Bayou Teche by Iphigene Daradar. Acrylic on paper.

This is what Iphigene said in her note to me about composing the poem:

“When I was conceptualizing the poem, I thought I’d write about the Teche, but as I read your recent blog posts, the idea of impossible, possible, and overcoming kept surfacing.  In the end, I wrote a poem with those words in mind. The tone of the poem, too, is not my usual.  It was influenced by the biopic of Emily Dickinson called A Quiet Passion.”

The Extent of Our Souls

By Iphigene (For Margaret)

There is an extent by which our soul stretches
One that is measured by words
Short phrases echoed through
In the silence of our minds

In the loose utterance of
‘stupid’ and ‘can’t’
Mingled in laughter, our skin
Think as nothing

Our souls call as truth
Like a seed planted
In perfect day, bears root
Bears bloom, each day

And so, our soul, fits itself
In the limits of our bodies
Brittle for the measure—
Impossible.

However,
As those who know words
Who play with the scales of phrases
Our measures change with space
And rightly placed punctuation

I’m possible.
Feel the impossible stretch
And the soul re-tells its truth
Stretching to ‘greatness’
And knowing it can.

Bearing roots that bloom
Perennial in the hearts
Of those who try to stretch
Their souls to possibility
and its truth.

This week I was blessed by a gift from Jone MacCulloch.  She takes beautiful photographs.  She sent an amazing close-up of a dahlia and her poem printed on a plaque that stands.  In addition to the photo-plaque, she sent a copy of her book  Solace in Nature which is a collection of her photos and poems.

photo and poem by Jone MacCulloch

 

Here is a photo and poem from her book, Solace in Nature.

winged fighter pilots
dive bomb daily
over sweet nectar
by Jone MacCulloch

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Poetry Friday posts are here today. Scroll down and click the green frog.

Welcome to my birthday poetry party.  I am a birthday triplet with Linda Mitchell and Julieanne Harmatz, both of whom I originally met through blogging.  Now they are real life writing critique friends.  Hop over to their blogs to say Happy Birthday! Julieanne

Linda

I am sharing some poetic treasures.  Joy Acey sent me a beautiful watercolor painting of an iris along with a fluttering haiku for the Summer Poetry Swap.   She also sent a blank card, so I put it into WordSwag and wrote a response haiku to Joy.

Joy wrote in her note to me that she considered this alternate third line.
Blue Dutch Irises
flutter to the wind’s command
Happy Birthday wishes!

Sea blue echoes
Ukulele birthday song
Windcall my name
–Margaret Simon

School has started.  I found on a shelf in my classroom an old copy of Writing Down the Bones by Natalie Goldberg.  I read to my students the chapter “Be Specific” in which she quotes William Carlos Williams, “Write what is under your nose.”  Then I read aloud River of Words by Jen Bryant and Melissa Sweet about the life of William Carlos Williams.  Writing prompt: Write a poem that uses something specific and ordinary and begin with “So much depends upon…” after W.C. Williams’ poem with the same first line.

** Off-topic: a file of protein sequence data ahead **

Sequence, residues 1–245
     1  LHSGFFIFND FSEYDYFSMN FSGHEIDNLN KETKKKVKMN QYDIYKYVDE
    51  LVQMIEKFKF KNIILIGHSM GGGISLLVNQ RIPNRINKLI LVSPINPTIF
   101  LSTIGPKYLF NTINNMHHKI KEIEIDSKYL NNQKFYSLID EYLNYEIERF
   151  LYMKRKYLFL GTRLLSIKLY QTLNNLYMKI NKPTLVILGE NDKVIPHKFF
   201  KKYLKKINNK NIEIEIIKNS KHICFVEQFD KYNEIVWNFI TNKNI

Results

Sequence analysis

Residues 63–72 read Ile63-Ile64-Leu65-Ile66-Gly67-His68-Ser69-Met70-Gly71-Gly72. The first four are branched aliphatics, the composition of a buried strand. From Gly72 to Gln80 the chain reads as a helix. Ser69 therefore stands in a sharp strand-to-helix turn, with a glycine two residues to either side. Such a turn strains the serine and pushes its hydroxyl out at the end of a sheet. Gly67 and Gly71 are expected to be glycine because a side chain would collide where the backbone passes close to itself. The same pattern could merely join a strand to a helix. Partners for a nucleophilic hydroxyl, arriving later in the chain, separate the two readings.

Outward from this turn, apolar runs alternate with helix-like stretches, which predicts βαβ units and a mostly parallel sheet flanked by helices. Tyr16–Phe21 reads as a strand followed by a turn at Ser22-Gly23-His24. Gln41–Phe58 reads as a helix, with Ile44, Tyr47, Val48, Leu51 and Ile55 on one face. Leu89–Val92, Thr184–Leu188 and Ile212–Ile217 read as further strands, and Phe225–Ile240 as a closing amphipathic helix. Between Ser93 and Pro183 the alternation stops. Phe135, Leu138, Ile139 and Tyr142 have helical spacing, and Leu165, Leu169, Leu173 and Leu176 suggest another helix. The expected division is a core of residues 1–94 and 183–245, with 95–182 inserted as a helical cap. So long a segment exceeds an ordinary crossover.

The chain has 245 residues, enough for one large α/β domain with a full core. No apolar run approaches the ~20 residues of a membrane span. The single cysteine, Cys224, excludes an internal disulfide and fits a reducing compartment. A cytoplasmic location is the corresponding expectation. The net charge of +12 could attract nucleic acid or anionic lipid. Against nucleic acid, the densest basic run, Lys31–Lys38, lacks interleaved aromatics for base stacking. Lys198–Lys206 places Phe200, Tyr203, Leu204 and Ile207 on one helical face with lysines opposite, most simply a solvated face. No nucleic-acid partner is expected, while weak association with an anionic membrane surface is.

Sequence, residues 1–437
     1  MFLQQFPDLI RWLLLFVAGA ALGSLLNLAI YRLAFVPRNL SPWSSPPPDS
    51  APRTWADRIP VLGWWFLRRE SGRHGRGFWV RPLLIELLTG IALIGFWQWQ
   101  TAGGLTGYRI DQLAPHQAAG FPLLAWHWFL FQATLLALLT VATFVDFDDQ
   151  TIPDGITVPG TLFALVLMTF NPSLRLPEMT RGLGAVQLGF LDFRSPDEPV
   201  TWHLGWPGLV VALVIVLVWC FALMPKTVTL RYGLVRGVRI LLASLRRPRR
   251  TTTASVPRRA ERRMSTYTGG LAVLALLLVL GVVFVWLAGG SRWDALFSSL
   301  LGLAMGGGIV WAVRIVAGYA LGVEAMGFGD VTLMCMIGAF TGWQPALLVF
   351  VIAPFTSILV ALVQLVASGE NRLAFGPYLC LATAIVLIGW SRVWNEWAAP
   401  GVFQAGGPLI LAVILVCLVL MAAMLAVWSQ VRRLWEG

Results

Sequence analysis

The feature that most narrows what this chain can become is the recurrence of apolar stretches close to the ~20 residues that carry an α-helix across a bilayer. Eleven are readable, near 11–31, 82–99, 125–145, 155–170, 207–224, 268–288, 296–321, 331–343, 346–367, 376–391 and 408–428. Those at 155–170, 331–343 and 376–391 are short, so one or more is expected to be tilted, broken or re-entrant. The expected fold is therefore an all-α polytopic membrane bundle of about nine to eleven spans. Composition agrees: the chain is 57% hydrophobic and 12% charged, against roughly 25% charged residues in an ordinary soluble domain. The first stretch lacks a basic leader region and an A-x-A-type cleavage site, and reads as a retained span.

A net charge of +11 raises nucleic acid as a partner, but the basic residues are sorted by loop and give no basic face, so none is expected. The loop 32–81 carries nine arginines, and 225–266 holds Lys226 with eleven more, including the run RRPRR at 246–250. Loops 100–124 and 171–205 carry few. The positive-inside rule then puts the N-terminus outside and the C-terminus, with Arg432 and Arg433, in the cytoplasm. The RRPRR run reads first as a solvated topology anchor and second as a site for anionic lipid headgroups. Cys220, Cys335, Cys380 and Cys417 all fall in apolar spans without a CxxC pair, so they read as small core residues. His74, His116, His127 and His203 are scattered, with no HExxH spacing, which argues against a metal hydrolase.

I was pretty pleased with my poem about the sparkles of condensation on a glass of mint iced tea until I was absolutely blown away by my students’ writing.

So much depends upon
the warm glow of the fairy lights,
silver and golden with gems and hearts
gently pushing me to the ocean of dreams.

Drifting calmly until the waves
rock me to the land of reality,
until the fairies and their lights
send me out again.

Erin, 6th grade

 

So much depends upon
the brass uniform of a senior dragonfly
soaring past
the barking, yelling, chirping, rumbling
noises of the day.

Lynzee, 3rd grade

 

I can already tell that this is going to be an amazing year of poetry writing. Did you notice “brass uniform of a senior dragonfly?” We were all blown away by that line.

Link your Poetry Friday post below.

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Billy Collins writes that “the trouble with poetry is that it encourages the writing of more poetry.”

To me that is the joy of poetry. Last week Heidi Mordhorst posted the summer poem swap poem that I wrote for her. She wrote a response poem.  See this post here.

I have connected to so many wonderful educators online, many of whom do work I greatly admire. One of these educators is JoAnne Duncan.  JoAnne is an assistant principal we would all want to have. She finds kind and gentle ways to deal with the everyday problems she faces. I love to listen to her tell stories about finding a child’s heart through reading and art.  She thinks outside the box.  So I should not have been surprised when she shared with me that she wrote a poem.  The surprise came when she said her poem was inspired by my poem to Heidi.  The poem used the same framework while JoAnne went back to the time she moved away from her Kansas City childhood home to Montana.

Art by Derek DeYoung. Click the image to read more about the artist.

She moved through Montana
as in a dream
floating over jagged rocks,
shooting down wild rapids
like new adventure in her life.
Montana spoke to her in the silence of the forest,
the scent of pines and sage
so foreign yet familiar.

She marveled at majestic peaks,
mighty rivers,
and expanse of land and sky.

Montana entered her
like skis on powder snow,
drift boat on water
and rainbow trout rising to the hatch.
She moved through Montana as in a dream.

–JoAnne Duncan

What joy to connect through poetry, to inspire JoAnne to visit her experience and share it. That’s what this Poetry Friday space is all about.

Today, JoAnne shares our connection on her blog.  She went on to research the art she found to illustrate her poem.  Yet another inspirational connection.